Hermitage Club responds to developmental impact concerns
WILMINGTON — While waiting on another hearing date to be set up, the Hermitage Club responded to concerns about its master plan from the Windham Regional Commission.
The Hermitage Club operates a private ski resort at Haystack Mountain, the Deerfield Valley Airport, and several inns and restaurants in Dover and Wilmington. Currently, the company is seeking an Act 250 permit from the state.
Expansion of the runway is recommended by Vermont Aviation, the FAA and aeronautical engineers hired by the company, according to the Hermitage Club. But the WRC worries it would "set a precedent in the amount of permitted impact to and loss of wetlands."
"Shortening the runway from 4,400 feet to 4,050 feet would save only 0.30 acres of primary impacted wetlands and would greatly decrease the safety factor for the proposed runway extension with little environmental benefit," the company wrote to the District 2 Environmental Commission on April 21. "Presently, the airport with its 2,650 foot long runway has many FAA (Federal Aviation Administration) safety deficiencies which have resulted in several pilot and passenger deaths over the past three decades."
Expanding the runway could change the character of the region and it would only benefit "a very limited number" of local people, the regional commission said, suggesting that the DEC put a cap on the daily number of permitted landings and takeoffs to reduce the likelihood of increased traffic, noise and air pollution.
Addressing the regional commission's concerns about protecting natural areas and wildlife resources, the Hermitage Club asked the DEC to rule on whether it was meeting its legal requirements around the issue.
The company said it is planning to construct a road in the East Tract — near Kingswood condominiums, the Mount Snow Golf Course and Handle Road — after foregoing "previously permitted development in the wildlife corridor area." The agreement was to create a 50-foot wildlife passage in exchange for road improvements.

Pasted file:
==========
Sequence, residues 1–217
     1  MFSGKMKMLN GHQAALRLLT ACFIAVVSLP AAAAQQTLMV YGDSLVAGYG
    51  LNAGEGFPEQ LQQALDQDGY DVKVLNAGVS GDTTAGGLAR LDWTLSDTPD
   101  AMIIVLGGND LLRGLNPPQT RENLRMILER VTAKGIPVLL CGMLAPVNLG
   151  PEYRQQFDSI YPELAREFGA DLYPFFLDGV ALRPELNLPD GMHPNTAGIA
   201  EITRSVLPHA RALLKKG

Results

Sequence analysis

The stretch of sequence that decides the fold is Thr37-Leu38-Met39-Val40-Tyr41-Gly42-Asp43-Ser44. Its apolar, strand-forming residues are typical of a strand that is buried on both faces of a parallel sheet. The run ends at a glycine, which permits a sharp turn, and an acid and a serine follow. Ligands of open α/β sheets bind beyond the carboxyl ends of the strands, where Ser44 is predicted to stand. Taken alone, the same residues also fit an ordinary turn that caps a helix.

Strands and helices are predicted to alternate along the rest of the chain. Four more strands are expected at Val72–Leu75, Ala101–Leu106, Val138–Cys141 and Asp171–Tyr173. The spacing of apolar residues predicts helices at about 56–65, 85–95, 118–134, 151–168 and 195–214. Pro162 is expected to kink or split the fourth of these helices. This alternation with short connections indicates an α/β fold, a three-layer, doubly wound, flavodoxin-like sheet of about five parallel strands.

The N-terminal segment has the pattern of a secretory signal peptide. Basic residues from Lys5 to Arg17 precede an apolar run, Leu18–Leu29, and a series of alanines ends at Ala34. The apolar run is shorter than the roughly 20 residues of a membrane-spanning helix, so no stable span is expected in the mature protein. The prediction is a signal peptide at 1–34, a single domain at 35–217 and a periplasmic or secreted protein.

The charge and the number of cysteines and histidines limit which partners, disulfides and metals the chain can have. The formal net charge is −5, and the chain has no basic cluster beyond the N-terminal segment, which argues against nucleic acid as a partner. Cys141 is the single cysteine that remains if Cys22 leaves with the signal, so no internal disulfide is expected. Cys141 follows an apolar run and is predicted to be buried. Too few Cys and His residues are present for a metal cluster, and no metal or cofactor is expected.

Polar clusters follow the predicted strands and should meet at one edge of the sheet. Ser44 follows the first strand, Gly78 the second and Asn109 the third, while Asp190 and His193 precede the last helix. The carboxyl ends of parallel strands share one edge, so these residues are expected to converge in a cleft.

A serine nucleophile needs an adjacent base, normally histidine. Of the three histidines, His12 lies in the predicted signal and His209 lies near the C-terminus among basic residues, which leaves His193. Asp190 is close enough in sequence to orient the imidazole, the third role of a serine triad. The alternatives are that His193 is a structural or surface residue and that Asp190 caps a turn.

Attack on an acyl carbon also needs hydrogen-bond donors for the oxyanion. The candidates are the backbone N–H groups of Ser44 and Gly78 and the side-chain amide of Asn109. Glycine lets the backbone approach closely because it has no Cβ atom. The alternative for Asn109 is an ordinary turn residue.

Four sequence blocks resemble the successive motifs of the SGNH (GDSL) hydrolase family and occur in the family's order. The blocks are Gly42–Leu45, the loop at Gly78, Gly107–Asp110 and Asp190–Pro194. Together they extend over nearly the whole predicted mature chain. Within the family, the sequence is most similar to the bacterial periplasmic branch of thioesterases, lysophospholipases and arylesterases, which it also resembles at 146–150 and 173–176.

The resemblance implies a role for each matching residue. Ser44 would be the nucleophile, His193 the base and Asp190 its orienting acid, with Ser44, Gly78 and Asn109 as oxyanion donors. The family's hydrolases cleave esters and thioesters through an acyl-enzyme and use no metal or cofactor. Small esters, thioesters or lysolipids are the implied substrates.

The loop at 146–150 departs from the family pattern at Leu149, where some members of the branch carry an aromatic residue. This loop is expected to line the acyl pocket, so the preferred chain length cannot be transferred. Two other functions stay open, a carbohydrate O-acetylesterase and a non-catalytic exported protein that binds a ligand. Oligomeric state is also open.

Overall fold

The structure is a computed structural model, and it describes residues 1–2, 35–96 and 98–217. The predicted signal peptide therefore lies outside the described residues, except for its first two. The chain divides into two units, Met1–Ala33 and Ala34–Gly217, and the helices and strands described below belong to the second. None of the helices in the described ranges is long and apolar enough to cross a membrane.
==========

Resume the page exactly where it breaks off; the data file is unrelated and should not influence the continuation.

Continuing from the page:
"There will be no cutting of forest in this corridor other than what is necessary to maintain the road and verge without the direct oversight of the Vermont Fish and Wildlife Department," the company wrote. "In addition, the Hermitage Club will attempt to acquire privately held lots within this corridor to protect against development by other landowners."
The impact of road construction on wetlands also prompted comments from the regional commission. But the Hermitage Club said only about 0.12 acres or 5,225 square-feet of two classes of wetlands would be affected and none of the 13 vernal pools would be.
The regional commission noted it was pleased with the company's submittal of a master plan for the overall resort development. Towards the end of 2014, the regional commission raised concerns about "after-the-fact permitting" in a letter to the DEC.
"As we understand, the natural resource issues related to the base tract have been largely resolved between the applicant and the Agency of Natural Resources," the regional commission wrote in its April 6 letter, referring to a section of Hermitage Club property in an area different than the East Tract. "We appreciate the efforts that have been made so far and hope the applicant will continue to work cooperatively with ANR to address remaining issues."
Contact Chris Mays at email@example.com or 802-254-2311, ext. 273.
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